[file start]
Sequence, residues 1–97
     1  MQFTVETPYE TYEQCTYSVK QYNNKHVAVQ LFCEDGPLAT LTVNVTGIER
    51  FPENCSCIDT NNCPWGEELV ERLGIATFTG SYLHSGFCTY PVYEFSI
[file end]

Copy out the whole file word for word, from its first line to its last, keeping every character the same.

Sequence, residues 1–97
     1  MQFTVETPYE TYEQCTYSVK QYNNKHVAVQ LFCEDGPLAT LTVNVTGIER
    51  FPENCSCIDT NNCPWGEELV ERLGIATFTG SYLHSGFCTY PVYEFSI